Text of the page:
The World is the root node of the scene-graph - all primitives and observers must be attached to World. When adding nodes to the world, nodes are always parented to another node (e.g. World) and given a transform (e.g. a translation and/or rotation) relative to their parent. Allows us to build hierarchies of objects and manipulate the whole group with one transform.

4.3. Process of raytracing

We desire the intensity/spectrum of light reaching an observer e.g. camera pixel. Our strategy is to sample light (radiance) along paths reaching observer and accumulate many samples to obtain intensity. Raysect uses a “Path tracing” algorithm where we trace a ray from the observer through all material interactions until it reaches a light source. Finally, we propagate the resulting spectrum from the light source back through all material/volume interactions.

Ray-tracing is a recursive process in nature. For example, a ray hitting a diffuse surface will need to know about light reflected from other sources in the scene. To get this emission we re-evaluate the ray-tracing algorithm by generating a bundle of rays at this surface. This process can repeat many times leading to a very high level of recursion.

Ray-tracing is bi-directional, the algorithm can be run in both the forward and reverse directions. In forward ray-tracing, light is traced from the light sources through material interactions to the observer. In backward ray-tracing, light starts at the observer and ray paths are followed through to the sources of emission. Raysect traces light in the reverse direction because this is generally more computationally efficient. The majority of light rays fired from a light source won’t reach the observer resulting in wasted computation.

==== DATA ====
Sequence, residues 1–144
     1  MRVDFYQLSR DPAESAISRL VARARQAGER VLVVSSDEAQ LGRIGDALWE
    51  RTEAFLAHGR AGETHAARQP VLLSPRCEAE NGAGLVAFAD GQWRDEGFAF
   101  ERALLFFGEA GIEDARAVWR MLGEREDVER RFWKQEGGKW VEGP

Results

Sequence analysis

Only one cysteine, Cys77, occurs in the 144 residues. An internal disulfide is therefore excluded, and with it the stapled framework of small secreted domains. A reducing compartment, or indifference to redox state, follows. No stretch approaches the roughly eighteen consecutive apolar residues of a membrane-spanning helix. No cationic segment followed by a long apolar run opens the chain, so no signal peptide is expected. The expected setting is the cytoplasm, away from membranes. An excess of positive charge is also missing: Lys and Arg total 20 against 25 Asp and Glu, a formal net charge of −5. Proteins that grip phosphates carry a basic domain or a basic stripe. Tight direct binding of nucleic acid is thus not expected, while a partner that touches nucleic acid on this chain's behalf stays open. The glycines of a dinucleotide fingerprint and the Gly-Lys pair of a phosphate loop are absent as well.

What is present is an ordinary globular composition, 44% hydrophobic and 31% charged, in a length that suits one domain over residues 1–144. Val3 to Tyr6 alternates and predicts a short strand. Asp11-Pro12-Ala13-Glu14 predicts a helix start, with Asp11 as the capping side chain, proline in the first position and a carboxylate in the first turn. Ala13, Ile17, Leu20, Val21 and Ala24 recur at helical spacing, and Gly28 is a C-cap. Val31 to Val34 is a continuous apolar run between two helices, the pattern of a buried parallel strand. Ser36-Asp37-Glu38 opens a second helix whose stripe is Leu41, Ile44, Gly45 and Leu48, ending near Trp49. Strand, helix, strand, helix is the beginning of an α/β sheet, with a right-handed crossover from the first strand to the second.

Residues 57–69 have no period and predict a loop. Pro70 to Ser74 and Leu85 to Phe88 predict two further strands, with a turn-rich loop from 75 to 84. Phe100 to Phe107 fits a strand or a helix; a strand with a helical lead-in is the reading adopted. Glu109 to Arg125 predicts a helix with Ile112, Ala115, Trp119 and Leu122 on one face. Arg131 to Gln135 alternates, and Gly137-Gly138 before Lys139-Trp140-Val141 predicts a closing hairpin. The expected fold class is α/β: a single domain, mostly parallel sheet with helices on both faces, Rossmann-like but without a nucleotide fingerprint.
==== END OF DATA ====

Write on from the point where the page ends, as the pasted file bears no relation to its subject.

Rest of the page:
_images/ray-tracing_directions.png

Caption: Ray-tracing algorithms are generally bi-directional and can be evaluated in both the forward and reverse directions. ray-tracing is naturally recursive. (Image credit: Carr, M., Meakins, A., et. al. (2017))

During ray propogation, rays are tested for intersection with objects in the scene. Once the nearest object has been identified, the material properties of the object are inspected to determine the next step of the algorithm. Materials can alter the path of ray propagation and alter the ray’s spectra through absorption and reflection curves. Some materials will require more rays to be launched to return an accurate spectra.

_images/calculate_emission.png

Caption: In the first stage of path tracing, a single ray path is generated. This path may be represented by a number of smaller straight path segments that represent a ray’s interactions with surfaces and light sources in the scene. Once the termination criteria has been met (absorbing surface or recursion limit, etc) the emission is evaluated along the segment stack in the forward direction. This ensures materials along the path can correctly add their emission or absorption. To estimate a light arriving at the observer, many of these paths will be measured and combined in a weighted average. (Image credit: Carr, M., Meakins, A., et. al. (2017))